Recreated Bullet Holes


The first attempt of the revolution was not very successful. Batista patched the bullet holes in the barracks. When Fidel came to power, he had the holes recreated from a photo taking before the patch job.
The officers' houses are now private homes - I don't know for whom.
Not All Neighborhoods Are This Nice

Not All Neighborhoods Are This Nice


Because this is such a frequently visited place by both Cubans and tourists, this neighborhood has received enough government money to keep it ship-shape. Also, much of Santiago received extensive Hurricane Sandy damage. It was necessary to rebuild many plazas and homes.
Refurbished Santiago de Cuba

Refurbished Santiago de Cuba


Government Building

Government Building

Herald

Herald

Good and Bad of Hurricane Sandy

Good and Bad of Hurricane Sandy


We also visited the Cemetery of Santa Ifigenia and watch the changing of the guards at the tomb of the Cuban national hero, Jose Marti. I must say it was quite a moving experience. Just like watching the changing of the guards at Buckingham or in Arlington.
Oh! Now, I recognize that photo at the top titled "I Don't Remember!" It is the tomb of Jose Marti! We could not take our cameras into the cemetery unless we paid a fee, so I took that photo from the parking lot. In retrospect, I should have paid the 5 CUCs and taken my camera; the tombs were spectacular.
We also visited the main plaza and the museum of Diego Velazquez, which is the oldest structure in Cuba. In the garden of this museum, we encountered Vidas Vocals.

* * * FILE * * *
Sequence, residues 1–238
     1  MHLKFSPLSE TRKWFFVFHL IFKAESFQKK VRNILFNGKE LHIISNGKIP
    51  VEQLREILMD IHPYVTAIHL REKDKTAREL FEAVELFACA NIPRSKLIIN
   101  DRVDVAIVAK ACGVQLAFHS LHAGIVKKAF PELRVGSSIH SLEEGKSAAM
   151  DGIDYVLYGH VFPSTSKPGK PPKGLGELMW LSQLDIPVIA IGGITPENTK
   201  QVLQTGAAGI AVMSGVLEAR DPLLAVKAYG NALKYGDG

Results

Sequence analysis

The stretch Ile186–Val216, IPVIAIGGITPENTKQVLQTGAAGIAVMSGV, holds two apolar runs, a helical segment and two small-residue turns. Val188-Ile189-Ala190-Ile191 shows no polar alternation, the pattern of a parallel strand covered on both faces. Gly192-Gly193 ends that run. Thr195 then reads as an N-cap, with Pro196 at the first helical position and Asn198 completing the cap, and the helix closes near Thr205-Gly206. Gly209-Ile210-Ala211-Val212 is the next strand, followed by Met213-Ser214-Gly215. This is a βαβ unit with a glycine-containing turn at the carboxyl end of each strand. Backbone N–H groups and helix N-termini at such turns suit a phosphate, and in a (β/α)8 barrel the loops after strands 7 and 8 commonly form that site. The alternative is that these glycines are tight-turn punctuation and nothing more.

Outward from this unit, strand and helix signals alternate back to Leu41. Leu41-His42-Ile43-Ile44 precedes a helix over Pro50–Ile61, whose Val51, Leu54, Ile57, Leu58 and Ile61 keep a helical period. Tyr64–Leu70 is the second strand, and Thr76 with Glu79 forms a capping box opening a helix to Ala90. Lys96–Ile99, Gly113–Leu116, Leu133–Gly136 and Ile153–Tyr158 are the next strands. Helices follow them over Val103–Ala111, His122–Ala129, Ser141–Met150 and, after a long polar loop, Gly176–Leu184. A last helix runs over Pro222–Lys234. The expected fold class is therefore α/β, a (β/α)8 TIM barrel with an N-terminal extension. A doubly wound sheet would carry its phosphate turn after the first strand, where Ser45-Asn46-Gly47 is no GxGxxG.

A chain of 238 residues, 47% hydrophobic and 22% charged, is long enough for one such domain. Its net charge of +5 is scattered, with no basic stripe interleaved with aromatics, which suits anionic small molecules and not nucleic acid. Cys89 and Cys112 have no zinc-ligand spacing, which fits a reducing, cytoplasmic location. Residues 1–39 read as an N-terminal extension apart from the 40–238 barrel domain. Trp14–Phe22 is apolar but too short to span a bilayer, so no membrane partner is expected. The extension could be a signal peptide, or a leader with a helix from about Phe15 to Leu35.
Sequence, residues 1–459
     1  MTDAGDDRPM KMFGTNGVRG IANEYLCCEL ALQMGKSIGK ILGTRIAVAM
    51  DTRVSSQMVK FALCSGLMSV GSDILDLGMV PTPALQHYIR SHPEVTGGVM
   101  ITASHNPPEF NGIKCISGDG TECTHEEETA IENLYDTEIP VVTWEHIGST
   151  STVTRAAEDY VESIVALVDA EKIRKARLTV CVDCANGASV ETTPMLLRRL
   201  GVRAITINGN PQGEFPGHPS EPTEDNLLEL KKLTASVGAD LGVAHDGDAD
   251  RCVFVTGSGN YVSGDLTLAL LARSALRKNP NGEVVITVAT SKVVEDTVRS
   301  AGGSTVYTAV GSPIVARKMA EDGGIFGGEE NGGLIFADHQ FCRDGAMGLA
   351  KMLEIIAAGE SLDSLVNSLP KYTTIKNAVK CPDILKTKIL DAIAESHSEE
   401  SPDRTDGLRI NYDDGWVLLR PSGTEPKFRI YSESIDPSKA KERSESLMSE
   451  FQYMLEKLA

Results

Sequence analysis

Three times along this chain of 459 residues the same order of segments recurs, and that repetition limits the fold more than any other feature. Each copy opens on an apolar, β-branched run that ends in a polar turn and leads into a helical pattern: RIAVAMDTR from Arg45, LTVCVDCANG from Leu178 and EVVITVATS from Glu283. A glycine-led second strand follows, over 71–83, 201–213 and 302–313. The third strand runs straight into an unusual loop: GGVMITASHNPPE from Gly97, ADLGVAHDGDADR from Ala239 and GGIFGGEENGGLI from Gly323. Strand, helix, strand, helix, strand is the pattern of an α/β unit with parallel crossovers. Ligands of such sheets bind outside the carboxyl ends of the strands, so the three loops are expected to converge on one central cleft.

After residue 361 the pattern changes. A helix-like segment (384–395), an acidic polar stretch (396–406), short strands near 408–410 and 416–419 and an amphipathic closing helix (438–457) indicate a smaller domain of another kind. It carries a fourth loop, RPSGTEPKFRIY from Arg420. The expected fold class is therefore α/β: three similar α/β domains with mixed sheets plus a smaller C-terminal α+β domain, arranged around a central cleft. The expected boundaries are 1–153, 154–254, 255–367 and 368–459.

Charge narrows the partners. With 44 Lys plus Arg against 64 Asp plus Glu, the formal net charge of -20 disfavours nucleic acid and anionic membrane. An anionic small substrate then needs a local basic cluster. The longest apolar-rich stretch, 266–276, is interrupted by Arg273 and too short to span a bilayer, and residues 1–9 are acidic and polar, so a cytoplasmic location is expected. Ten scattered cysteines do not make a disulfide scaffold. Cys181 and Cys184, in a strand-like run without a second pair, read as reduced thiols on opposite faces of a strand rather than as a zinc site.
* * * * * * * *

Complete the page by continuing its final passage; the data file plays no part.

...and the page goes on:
The next day at the El Morro fortress, I heard those same unforgettable voices. As I said before, you see one fort, you've seen them all. I stayed in the small chapel and listened to them during our entire stay. I sat next to one of their husbands. He was a sailor from the Ukraine, whose ship had docked in Santiago a few years ago. He heard the group and never returned to the ship. Every Thursday, he walks up the mountain to El Morro when his wife performs her as a spiritual devotion and listens to them.
All tours must come to an end.
Goodbye Granma Island

Goodbye Granma Island


On February 14, 2015, I left Cuba.
It is a place where I might return someday. Next time, I will not hesitate to go on my own.

Posted by pscotterly 06:51 Archived in Cuba Comments (0)

Guantanamo

An Emotional Meeting

Until I visited Guantanamo, I knew only two things about Guantanamo:
1. The song Guantanamera
You might remember Jose FelicianoJ singing it, but every group throughout Cuba sings it at every performance. (PS - I have to admit I thought Jose had passed until I Googled to get a link!)
2. The American-held Guantanamo Bay including the notorious prison camp. (oh, go ahead and really learn about a prisoner's experiences.

But on this visit, at the Casa Del Changui -(you will need to translate this link) I learned there is a Province and city named Guantanamo.
Guantanameros

Guantanameros


This band and this man made me clap, smile, and cry.
An Emotional Welcome

An Emotional Welcome


As our Cuban guide interpreted, this man asked us to learn about Cuba and know that it was more than Guantanamo Bay. He talked about how we are neighbors and how we as people could be friends and know one another.
After the performance, I asked our Cuban guide to interpret my message to him about how many people from the USA are shamed by the prison and the history of Guantanamo Bay. Many of us also want to be friends and throw aside old wars of religion, politics, and torture.
We embraced. I wept.
We also attended the LaTumba Francesca Pompadour to learn this type of dance and see performances.
Dancing Demonstration

Dancing Demonstration

Guantanamo Folk Dancers

Guantanamo Folk Dancers